- The Combined Influence of Parenting and Early Puberty on the Development of Disruptive Behavior Problems in African American Girls
- Ethnic Differences in the Experiences of Sexual Assault Victims
- Marital Conflict and the Developing Adolescent
- The Impact of Family and Demographic Factors on Intergenerational Transmission of Violence
- The Role of Framing on Male and Female Undergraduate Students’ Feminist Digital Activism
- Effects of Solitary Confinement on the Well Being of Prison Inmates
- Investigating the Role of Moral Processes in Enabling Aggression and in Political Discourse
- Self-Efficacy in Victims of Child Sexual Abuse
- The Role of Benevolent Sexism in Gender Inequality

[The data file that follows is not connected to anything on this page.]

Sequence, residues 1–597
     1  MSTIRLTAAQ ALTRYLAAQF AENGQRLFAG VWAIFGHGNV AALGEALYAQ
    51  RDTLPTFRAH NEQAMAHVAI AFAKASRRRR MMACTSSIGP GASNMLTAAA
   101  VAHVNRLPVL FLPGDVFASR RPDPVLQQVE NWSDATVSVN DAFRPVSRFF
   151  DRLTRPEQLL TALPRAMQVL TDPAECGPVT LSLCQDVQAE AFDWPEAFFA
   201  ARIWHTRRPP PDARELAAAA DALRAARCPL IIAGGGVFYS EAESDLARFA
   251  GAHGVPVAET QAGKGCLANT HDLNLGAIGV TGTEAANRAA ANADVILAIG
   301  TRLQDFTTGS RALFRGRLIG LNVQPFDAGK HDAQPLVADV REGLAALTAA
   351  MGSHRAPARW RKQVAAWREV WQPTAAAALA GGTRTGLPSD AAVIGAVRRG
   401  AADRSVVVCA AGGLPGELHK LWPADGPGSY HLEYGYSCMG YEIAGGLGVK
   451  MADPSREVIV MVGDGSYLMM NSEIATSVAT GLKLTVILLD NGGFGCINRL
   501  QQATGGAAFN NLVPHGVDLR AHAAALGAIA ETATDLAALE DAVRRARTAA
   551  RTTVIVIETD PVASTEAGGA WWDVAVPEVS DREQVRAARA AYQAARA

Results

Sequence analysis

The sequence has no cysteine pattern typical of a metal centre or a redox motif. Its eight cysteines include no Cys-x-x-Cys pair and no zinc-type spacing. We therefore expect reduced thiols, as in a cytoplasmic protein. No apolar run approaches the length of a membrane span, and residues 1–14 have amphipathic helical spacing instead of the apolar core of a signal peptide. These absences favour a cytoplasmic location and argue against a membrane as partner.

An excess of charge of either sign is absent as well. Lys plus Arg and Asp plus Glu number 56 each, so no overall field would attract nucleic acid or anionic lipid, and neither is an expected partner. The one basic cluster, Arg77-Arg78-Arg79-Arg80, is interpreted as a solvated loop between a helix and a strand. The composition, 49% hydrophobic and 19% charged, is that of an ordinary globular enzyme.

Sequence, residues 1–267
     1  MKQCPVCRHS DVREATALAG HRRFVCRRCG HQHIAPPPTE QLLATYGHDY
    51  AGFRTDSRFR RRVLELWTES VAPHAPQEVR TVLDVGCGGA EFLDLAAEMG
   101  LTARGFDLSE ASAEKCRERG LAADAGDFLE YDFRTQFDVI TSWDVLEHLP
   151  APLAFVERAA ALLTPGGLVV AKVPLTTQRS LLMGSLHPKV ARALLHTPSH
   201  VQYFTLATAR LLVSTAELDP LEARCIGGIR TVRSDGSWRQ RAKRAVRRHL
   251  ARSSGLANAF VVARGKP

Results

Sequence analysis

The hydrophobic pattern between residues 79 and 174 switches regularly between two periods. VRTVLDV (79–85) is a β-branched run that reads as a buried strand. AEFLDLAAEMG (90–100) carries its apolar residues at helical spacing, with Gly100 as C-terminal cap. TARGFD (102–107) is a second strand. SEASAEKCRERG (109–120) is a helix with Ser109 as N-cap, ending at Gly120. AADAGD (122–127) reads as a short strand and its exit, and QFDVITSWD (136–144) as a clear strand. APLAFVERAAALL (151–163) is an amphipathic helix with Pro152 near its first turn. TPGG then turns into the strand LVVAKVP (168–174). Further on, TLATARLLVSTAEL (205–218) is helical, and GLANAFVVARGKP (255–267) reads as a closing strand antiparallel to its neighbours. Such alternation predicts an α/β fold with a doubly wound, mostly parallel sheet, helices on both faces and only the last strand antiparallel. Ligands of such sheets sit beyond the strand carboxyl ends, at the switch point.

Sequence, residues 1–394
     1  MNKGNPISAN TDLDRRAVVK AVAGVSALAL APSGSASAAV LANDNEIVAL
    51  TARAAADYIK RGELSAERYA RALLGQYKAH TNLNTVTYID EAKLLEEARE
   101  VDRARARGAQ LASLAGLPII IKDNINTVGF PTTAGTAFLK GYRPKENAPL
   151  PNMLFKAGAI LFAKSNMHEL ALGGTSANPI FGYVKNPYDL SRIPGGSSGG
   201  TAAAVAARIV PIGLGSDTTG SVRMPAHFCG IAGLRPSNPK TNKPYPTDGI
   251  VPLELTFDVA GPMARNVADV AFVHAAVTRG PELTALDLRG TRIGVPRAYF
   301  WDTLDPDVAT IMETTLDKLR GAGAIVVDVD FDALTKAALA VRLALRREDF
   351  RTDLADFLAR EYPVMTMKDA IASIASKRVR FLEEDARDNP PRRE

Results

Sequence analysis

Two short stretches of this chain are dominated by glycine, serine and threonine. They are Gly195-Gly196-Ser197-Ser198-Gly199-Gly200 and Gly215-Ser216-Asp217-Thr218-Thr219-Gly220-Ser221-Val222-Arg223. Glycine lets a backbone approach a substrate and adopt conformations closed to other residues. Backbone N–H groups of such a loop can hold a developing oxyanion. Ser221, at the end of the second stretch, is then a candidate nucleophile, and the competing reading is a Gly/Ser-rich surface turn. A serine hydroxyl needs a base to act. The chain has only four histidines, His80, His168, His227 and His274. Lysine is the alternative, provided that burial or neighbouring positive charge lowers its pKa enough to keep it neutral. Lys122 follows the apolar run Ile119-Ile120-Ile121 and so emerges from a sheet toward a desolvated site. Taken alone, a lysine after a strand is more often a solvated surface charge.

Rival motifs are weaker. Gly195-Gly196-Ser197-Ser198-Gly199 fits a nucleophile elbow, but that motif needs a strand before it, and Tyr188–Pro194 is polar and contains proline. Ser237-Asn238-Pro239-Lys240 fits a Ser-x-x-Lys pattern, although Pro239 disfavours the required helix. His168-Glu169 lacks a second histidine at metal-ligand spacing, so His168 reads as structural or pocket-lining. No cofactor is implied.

Society often fails to acknowledge that gender inequality, or the disparity in status and power between men and women, continues to exist today. Women remain significantly under-represented in higher-level, executive professions in the workforce, such as large corporations and government offices (United Nations Development Programme, 2014). Further, women have considerably lower income than men on average (Institute for Women’s Policy Research, 2014). Traditionally, researchers and politicians have attributed this to individual-level factors, such as the difference between what a male or female employee is willing and able to contribute to a company (Anderson, 2005). However, recent work suggests that ecological-level factors, such as systematic oppression that advantage men and disadvantage women, may provide a more valuable understanding of inequality as it exists today (Ali & Sichel, 2014; Bronfenbrenner, 1992).